Wall Street Journal: Online more profitable than Print

The New York Post is reporting that the Wall Street Journal earned more money with its online Web site than its print publication. Predictably, though, the Post spins it all wrong: instead of talking about the success of the online arm, it talks about the failure of the print side and about how WSJ publisher Peter Kann, could be “sweating over his job again”.
Rhetoric aside, the numbers are very interesting: The Wall Street Journal Online has 731,000 paid subscribers, up 5.2% from the previous quarter, at $84/year. Yes, that’s a $61.4 million annual revenue stream. (disclaimer: I am a paid WSJ subscriber too and would never think of switching to the print publication)

By contrast, the print publication costs $356/year for a subscription and is considerably less profitable: online has profit margins 20x that of the print publication.
From the perspective of synergy, Dow Jones (parent company of the Journal) also purchased popular site MarketWatch for a cool $538 million. Given that the Journal’s online efforts are proving profitable, look for these two to grow together and create a powerful, strongly branded online investment and business center staffed by some of the best writers and reporters in the business.
Which is just as well, because the Wall Street Journal print edition is seeing what every newspaper and publication is experiencing: it’s hard to sell print ads and subscriptions offline when there are free or almost-free alternatives online. It’s the future of newspapers, whether they’re ready to face it or not.
In addition to the Journal, all smart newspapers are trying experiments in this regards. My local papers The Denver Post and The Daily Camera, for example, are both pushing their online experiments: the Post is going to be introducing a personalized newspaper site that incorporates technology from my friends at NewsGator to allow subscribers to mix Post stories with other news and information sources (read ‘blogs’ here). The Camera? They keep trying to do something innovative online, but the paper goes through “online editors” faster than my kids go through socks.
The point, however, is like the tide rolling in, the old world of print newspapers is dying. The entire advertising model is crumbling because a smart online marketing campaign can net considerably better results than a print campaign for many, many businesses, and at significantly lower cost. (One big reason why I create the blog smart workshop series)
The online juggernaut has changed the world of recorded music, is forcing the film industry to rethink its own business model (and why aren’t studios responding with “let’s make the theater experience even more compelling?” instead of “let’s call our lawyers” anyway?), has caused most magazines to lose 1/3 of their pages in the last five years. It’s time for newspapers to face this too, to stop dabbling in the online world and recognize what the Wall Street Journal is clearly signaling: the future is in online news, not print news, and that it can be very profitable.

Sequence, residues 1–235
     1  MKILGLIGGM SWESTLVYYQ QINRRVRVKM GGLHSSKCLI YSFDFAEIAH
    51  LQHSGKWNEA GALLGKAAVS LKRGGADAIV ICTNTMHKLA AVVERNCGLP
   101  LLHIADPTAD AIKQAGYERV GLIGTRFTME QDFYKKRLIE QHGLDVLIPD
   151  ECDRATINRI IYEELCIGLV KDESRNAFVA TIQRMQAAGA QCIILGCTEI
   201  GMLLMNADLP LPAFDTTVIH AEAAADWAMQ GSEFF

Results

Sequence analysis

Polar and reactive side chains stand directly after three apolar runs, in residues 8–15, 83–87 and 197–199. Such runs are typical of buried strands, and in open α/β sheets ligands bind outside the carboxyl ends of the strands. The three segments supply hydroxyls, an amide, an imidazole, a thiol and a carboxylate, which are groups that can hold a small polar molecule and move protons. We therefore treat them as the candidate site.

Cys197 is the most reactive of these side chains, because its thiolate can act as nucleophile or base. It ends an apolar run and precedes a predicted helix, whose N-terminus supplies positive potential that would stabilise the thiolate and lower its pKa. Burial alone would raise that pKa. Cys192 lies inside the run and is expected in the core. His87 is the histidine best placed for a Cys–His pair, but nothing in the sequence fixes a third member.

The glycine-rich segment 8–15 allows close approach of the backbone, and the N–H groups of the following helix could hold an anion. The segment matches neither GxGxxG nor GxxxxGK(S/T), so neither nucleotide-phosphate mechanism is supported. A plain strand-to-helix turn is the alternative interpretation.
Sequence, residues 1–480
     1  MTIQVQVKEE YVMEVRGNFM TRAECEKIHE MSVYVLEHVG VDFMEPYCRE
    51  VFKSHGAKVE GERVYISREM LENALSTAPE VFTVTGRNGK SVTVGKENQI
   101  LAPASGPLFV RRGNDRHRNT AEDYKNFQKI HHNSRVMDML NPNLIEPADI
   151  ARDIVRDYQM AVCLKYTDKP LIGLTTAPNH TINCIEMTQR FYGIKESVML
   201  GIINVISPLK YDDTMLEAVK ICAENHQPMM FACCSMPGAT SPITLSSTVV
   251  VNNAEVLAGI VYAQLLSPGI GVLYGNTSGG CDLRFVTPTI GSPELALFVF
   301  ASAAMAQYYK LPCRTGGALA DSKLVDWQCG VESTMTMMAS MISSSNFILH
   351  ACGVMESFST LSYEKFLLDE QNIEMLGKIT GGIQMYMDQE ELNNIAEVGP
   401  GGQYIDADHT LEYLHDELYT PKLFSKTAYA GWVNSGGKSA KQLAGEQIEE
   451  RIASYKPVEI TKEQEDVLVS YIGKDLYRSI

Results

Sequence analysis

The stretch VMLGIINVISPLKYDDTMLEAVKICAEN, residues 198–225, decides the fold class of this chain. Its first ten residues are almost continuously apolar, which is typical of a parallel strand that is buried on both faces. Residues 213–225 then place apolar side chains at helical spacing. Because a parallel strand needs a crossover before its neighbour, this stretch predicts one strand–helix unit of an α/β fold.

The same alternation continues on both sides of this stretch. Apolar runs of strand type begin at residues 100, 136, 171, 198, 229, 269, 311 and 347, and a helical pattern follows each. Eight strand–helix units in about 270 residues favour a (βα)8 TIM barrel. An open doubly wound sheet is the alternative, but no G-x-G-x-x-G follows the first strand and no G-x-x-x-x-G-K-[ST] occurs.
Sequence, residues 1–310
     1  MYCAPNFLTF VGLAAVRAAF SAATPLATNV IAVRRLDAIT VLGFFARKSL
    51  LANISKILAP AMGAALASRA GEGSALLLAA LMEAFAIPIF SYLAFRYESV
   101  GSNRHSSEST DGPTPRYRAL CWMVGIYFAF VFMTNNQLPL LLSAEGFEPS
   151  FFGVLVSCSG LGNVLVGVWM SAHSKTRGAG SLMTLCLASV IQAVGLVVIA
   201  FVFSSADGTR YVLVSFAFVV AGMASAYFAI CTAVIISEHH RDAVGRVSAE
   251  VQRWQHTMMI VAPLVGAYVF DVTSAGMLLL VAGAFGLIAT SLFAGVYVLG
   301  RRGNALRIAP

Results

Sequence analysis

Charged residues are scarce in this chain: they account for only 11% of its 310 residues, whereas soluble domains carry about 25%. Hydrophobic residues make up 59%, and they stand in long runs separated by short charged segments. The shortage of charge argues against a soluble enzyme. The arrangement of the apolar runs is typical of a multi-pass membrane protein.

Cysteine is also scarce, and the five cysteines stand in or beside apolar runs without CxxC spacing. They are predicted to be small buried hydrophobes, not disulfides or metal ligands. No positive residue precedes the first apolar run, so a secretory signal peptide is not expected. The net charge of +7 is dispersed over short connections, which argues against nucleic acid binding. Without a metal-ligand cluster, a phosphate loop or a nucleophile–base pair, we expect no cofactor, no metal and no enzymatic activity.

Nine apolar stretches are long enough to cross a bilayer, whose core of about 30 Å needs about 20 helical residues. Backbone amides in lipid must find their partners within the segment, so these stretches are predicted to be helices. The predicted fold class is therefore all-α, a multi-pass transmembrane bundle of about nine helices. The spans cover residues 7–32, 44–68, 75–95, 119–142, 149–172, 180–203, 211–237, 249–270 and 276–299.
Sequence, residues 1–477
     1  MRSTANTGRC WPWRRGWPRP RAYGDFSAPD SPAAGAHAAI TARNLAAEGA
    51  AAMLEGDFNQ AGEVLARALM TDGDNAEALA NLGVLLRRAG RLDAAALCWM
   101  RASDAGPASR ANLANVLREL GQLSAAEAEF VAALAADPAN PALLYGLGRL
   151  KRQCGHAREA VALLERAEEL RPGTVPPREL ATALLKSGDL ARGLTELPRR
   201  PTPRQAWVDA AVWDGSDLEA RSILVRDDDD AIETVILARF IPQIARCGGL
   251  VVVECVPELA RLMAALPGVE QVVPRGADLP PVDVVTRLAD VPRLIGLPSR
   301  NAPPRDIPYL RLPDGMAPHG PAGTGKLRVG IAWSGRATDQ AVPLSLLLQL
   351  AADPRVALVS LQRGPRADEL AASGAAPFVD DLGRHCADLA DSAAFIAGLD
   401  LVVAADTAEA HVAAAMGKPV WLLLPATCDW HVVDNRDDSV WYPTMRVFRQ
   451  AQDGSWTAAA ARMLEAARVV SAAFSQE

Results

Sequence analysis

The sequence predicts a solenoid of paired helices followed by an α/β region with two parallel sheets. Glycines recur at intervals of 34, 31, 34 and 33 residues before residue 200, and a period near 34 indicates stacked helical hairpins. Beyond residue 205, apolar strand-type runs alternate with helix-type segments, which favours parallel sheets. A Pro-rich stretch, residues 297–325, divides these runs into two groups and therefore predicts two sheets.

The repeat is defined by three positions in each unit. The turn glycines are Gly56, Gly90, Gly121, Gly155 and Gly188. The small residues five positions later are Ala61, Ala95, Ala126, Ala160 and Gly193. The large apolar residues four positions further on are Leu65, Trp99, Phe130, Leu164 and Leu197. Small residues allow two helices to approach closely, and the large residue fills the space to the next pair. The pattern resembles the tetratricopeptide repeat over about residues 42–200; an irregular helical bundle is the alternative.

6 comments on “Wall Street Journal: Online more profitable than Print

  1. Dave:
    Free Newspapers online have learned to make money off of older stories – $3.95 per story or so. This might fly very well indeed. All newer stories are free – you can check your hometown newspapers even from the road and they can sell advertising there, sortof. Making them online subscriptions does not make any sense as you rightly pointed out. You can find the same stories elsewhere for free.
    Older stories become valuable also. $3.95 per story is a bit steep but most people would pay some thing like $0.99 per story very easily. Not bad for bits sitting there on your server. The archive business may be a profitable experiment with newspapers.

  2. What about us train commuters? Reading messages on the blueberry is annoying, and I would probably feel the same way about reading from a laptop.
    Some people (such as myself) would still rather read the WSJ on paper while jostling for position on an over-crowded train.
    The implications on the business model are debatable, but unless there’s a more viable alternative, paper will remain, though perhaps as a loss leader.

  3. Hi Dave,
    Interesting data.
    Another advantage to the online version is international reach and speed. If I lived in Japan, then getting the print edition would be both slower and more expensive.
    I wonder what % of the online market represents a possibly unintended international expansion.

  4. Some of those 700k+ subscribers should have protested the recent 50% rate increase. I am a long time subscriber. Now I find out that I have to have another subscription to view Barron’s content. Previously this was included.

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